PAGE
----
British American Tobacco – Flickers of optimism #BATS

British American Tobacco – Flickers of optimism #BATS

It has been a torrid two years in which to be a BATS shareholder (latest share price £30.50, market cap £70 billion).

From a personal point of view, I mistimed my entry with an average purchase price of £44.63 starting from late 2017.

Dividends worth c. 240p per share have been paid out during my holding period, cushioning the blow a little. After taking them into account, my loss on a percentage basis so far is c. 30%.

I have been determined to carry on supporting the company with my small stake (currently 4% of my portfolio), until and unless its solvency becomes questionable, or there is some other critical shock.

Let’s consider the latest results for 2018 and the prospects for this tobacco giant.

The main figures to understand 2018’s results are as follows:

If Reynolds had been owned over the entire two-year period, then adjusted revenues would have fallen 2.3% (using current exchange rates) or risen 3.5% (at fixed exchange rates). I prefer to look at results using fixed exchange rates, so this 3.5% growth figure is what I would focus on.

  • Operating Profit £9.3 billion

£9.3 billion is the reported figure. The adjusted figure that the company focuses on (£10.9 billion) is derived as follows (see page 47 of the preliminary announcement):

Whilst one could argue the reasonableness of the adjustments, I do believe that they give rise to figures that are more or less comparable between years.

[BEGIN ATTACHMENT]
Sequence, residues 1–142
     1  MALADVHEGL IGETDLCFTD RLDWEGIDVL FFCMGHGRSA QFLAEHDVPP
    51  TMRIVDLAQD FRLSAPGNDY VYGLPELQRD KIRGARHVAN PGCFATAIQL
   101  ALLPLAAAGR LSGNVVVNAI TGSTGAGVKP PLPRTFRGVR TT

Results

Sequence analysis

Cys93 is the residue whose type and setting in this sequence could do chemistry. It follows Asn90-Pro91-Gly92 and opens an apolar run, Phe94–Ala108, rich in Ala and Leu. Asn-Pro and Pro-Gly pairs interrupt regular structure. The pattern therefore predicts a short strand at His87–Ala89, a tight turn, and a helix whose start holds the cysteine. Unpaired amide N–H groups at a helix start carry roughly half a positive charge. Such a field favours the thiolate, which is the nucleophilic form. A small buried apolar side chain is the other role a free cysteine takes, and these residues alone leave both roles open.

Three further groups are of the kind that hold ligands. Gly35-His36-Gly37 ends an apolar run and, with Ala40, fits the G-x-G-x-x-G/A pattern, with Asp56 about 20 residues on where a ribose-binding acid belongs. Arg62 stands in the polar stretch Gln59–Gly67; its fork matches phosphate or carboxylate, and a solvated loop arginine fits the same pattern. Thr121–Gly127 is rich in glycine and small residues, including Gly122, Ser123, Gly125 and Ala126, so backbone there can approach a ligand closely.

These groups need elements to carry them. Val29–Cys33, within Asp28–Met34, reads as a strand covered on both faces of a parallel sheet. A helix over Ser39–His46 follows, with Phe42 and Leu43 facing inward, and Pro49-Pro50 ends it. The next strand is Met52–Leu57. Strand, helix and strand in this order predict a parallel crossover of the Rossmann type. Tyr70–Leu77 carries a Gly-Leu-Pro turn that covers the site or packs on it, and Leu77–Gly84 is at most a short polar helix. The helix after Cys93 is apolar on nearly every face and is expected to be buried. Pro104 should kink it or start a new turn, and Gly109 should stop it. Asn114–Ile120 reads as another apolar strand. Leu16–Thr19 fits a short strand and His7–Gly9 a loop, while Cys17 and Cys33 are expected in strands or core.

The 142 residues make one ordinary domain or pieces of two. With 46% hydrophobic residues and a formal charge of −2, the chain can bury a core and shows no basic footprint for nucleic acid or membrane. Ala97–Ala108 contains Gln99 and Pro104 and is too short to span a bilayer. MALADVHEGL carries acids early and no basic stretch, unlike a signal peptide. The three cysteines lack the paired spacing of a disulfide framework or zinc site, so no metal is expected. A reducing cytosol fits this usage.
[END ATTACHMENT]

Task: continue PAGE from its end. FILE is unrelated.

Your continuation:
I would also note that the first set of five adjustments this year (from “restructuring and integration costs” down to “other adjusting items”) are about half a billion pounds smaller than they were last year. This says to me that adjustments did not get out of control in 2018!

So on review, I think that the 4% gain in adjusted profit (from £10.5 billion to £10.9 billion) is a real gain in the underlying financial performance of the business, and has not been artificially created through adjustments.

  • Borrowings £47.5 billion, net debt £44.4 billion.

In simple terms, the ratio of borrowings to operating profit comes in at 5.1x.

BATS makes an adjustment to net debt arising from the Reynolds acquisition, so that “adjusted net debt” is £43.4 billion, a little lower than the “official” net debt shown above.

Adjusted net debt to adjusted EBITDA reduces from 5.3x to 4.0x, primarily as a result of increased earnings but also from a small reduction in debt.

The group’s credit ratings remain stable and investment-grade according to both Moody’s (Baa2) and S&P (BBB+), and it aspires to convince Moody’s to upgrade it by one notch to Baa1 in the medium-term.

Where the Cash is Flowing

Let’s see what BATS did with its prodigious cash flows in 2018.